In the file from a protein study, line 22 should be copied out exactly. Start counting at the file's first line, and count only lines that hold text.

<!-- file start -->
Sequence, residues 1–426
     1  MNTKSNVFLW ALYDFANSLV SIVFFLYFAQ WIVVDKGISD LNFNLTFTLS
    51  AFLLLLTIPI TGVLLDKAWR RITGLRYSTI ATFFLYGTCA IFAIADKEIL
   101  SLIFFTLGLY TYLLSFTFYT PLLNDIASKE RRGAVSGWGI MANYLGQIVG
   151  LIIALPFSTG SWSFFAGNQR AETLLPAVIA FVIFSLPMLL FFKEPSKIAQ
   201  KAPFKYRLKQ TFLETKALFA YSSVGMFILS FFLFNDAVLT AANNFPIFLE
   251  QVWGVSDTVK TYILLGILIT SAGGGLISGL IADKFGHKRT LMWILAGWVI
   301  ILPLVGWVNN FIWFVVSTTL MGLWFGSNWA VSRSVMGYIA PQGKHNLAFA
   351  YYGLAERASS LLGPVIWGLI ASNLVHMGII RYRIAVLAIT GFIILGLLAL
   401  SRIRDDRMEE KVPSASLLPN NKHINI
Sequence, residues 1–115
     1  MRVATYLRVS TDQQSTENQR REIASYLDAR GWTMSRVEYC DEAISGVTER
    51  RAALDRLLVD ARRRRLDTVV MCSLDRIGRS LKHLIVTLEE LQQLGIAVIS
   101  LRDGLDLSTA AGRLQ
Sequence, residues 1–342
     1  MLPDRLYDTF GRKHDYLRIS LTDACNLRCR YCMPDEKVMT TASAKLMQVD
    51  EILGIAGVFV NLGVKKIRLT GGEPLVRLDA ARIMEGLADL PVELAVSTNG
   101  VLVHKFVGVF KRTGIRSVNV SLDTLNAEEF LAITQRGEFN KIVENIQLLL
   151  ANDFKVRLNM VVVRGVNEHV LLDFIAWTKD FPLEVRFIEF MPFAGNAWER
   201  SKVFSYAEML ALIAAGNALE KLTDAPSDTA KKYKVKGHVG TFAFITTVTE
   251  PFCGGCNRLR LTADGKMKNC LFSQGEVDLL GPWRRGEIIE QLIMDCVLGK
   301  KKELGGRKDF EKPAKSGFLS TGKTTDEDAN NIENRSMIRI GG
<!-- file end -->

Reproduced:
   301  KKELGGRKDF EKPAKSGFLS TGKTTDEDAN NIENRSMIRI GG